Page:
How does mediation differ from a lawsuit?
In a lawsuit, each person (or party) is represented by an individual lawyer who “fights” for them. Often, communication takes place only through the lawyers. The process is adversarial rather than collaborative, and sometimes disagreements get worse. Many people find it very stressful to have final decisions be up to a judge rather than within their own control.In mediation, the focus is on finding a “win-win” solution. The mediator helps the parties communicate, think creatively, and reach decisions that work for everyone. Many people choose mediation because they want to minimize fighting, preserve relationships, and feel more in control of the final outcome.
Do I have to give up my right to sue?
What if I change my mind?
Choosing mediation does not mean that you give up your right to go to court. If you decide that mediation is not right for your situation or if you are not completely pleased with the mediation process, you can stop at any time, hire an attorney, and proceed with the litigation process. Mediation is not binding until a final agreement is signed. (See the ABOUT MEDIATION tab for more information).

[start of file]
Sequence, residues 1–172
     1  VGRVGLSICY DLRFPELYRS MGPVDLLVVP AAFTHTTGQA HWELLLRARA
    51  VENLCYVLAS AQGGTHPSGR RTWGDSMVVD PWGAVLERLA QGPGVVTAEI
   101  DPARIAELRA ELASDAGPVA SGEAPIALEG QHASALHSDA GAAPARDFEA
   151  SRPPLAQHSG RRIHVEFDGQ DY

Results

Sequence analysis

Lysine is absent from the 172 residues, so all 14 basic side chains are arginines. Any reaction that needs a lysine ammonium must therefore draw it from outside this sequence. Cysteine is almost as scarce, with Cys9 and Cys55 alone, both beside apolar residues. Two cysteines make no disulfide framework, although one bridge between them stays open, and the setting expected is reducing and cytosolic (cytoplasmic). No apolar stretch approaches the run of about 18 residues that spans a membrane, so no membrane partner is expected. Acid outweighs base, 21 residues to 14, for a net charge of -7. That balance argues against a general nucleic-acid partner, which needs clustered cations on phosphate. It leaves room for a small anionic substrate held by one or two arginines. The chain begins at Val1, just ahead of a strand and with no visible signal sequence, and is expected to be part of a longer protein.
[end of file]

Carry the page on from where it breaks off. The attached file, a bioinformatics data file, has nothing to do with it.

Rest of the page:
Which is quicker – mediation or court?
Mediation takes less time than litigation, in part because you don’t have to wait for court dates and meetings can take place on your schedule. Research on divorce shows that mediation usually takes months, whereas litigation time can be measured in years.
Which costs more?
In almost all cases, mediation saves money. Studies show that a litigated divorce can cost 5-10 times as much as a mediated divorce. A July 2005 article in Money magazine reported that divorce trials cost $20,000 to $50,000, compared to $3,000 to $10,000 for divorce mediation.
Are there other differences between mediation and litigation?
Often people focus on what they might “win” from litigation, but they don’t think about how much time, upheaval, and uncertainty they’ll experience in the meantime. Conflict is stressful and can take a toll on your health and well-being. A quicker solution may be more valuable in the long run and let you shift your focus to moving forward.Since mediated agreements are only finalized when both parties approve, people also report higher rates of satisfaction with these agreements vs. court decisions. Mediated agreements also have higher rates of compliance. That is, people are more likely to honor the agreement and follow through with paying in full, following visitation schedules, etc.
When is mediation not a good option?
Mediation is not an appropriate option when there has been intimidation, violence, or abuse in the relationship. If you’re wondering whether mediation is right for you, call 203-702-1113 or 914-861-6781 for a free consultation, or click here.